Today, President Obama ordered his administration to stop deporting young immigrants who came to the US illegally as kids and don't pose a security threat.
Nothing raises the ire of Mexicans more than stories like this: a young Mexican, brought illegally to the US as a baby, is deported as a young adult back “home,” despite having no family ties in Mexico, and often not even speaking Spanish.
Now President Obama has taken a step hailed in Mexico: He's called for ending deportations – effective immediately – and beginning to grant work permits for young illegal immigrants who have been in the US since they were children.
“It is definitely a source of a lot of moral distress because the kids are American in their upbringing and their culture,” says David Mena Alemán, a professor of international affairs at the Iberoamericana University in Mexico City. “Among people realistic in their views about immigration, this is a very good step forward.”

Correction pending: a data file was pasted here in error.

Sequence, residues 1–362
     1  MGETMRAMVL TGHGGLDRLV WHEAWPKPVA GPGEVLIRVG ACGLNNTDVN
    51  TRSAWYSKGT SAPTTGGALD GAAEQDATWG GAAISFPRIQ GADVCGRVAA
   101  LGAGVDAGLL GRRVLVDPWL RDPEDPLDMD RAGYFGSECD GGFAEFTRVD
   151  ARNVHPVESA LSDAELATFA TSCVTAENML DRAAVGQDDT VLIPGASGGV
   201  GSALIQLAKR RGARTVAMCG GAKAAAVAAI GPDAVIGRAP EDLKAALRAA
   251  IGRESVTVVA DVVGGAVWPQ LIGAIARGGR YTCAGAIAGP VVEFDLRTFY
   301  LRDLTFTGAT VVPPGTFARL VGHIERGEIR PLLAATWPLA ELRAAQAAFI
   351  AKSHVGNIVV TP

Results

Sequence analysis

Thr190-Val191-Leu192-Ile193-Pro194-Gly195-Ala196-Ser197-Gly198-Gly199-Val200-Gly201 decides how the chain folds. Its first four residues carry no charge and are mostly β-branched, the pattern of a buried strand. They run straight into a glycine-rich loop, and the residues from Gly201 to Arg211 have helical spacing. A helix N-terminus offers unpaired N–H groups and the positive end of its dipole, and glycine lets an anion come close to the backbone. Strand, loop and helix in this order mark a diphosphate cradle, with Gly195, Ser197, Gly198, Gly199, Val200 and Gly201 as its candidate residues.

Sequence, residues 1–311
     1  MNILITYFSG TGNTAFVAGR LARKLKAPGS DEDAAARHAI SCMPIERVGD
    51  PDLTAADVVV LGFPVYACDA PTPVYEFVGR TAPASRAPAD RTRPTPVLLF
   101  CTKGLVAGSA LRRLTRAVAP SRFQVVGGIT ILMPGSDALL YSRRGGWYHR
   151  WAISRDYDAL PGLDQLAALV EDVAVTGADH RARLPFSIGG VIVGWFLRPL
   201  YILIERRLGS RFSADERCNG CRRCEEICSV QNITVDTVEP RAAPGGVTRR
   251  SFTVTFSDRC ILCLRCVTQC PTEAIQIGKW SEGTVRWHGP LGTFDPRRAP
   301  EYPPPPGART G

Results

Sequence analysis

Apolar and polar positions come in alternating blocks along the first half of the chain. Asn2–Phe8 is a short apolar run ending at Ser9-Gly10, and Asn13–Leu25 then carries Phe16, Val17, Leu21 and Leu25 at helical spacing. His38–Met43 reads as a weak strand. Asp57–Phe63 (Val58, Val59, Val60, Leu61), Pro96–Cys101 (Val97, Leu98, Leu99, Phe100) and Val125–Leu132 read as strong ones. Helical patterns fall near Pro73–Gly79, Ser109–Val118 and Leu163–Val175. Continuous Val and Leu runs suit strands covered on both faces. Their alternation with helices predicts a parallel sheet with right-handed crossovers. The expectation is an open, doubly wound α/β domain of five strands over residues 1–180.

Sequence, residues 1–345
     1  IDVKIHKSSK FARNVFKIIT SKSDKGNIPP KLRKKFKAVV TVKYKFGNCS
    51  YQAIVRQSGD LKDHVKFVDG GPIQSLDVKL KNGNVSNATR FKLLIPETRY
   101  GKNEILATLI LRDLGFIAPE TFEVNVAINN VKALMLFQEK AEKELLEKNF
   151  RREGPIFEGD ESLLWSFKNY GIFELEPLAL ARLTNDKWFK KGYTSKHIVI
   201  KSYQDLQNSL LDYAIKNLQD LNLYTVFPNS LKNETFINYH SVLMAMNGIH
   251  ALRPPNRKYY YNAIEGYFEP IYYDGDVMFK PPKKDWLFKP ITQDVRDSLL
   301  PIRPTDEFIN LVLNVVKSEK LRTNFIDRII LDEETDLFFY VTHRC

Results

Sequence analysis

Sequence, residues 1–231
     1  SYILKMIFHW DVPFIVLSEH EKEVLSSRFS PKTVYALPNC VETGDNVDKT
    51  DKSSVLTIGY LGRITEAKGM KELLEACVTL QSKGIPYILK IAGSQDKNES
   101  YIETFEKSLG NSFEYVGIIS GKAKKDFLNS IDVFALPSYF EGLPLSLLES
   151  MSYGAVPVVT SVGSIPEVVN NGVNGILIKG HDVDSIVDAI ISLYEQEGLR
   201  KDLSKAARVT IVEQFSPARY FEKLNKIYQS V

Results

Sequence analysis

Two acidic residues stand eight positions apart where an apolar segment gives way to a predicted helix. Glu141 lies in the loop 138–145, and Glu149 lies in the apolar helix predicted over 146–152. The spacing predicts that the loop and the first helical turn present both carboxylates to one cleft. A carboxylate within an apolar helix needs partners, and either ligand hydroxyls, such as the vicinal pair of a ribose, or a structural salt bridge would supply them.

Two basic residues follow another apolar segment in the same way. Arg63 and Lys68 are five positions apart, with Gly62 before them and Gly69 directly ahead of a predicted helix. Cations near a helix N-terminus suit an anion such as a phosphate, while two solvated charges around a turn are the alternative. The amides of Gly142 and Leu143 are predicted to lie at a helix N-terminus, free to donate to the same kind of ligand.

The plan was announced Friday by Department of Homeland Security head Janet Napolitano, and has been described as a temporary fix. Illegal immigrants who are under age 30 but brought to the US before they were 16 are eligible for a deportation waiver and can apply for a two-year work permit. Those eligible must be in school or have a high school or equivalent degree. The policy also applies to those who have served in the military. All must be law-abiding, as well. It could affect some 800,000 immigrants.
The move is being praised by Latinos and activists in the US ahead of the November Presidential election. The plan is likely to draw fierce criticism among Republicans who often dub such policies "backdoor amnesty," and seek tighter border enforcement and stricter policies overall.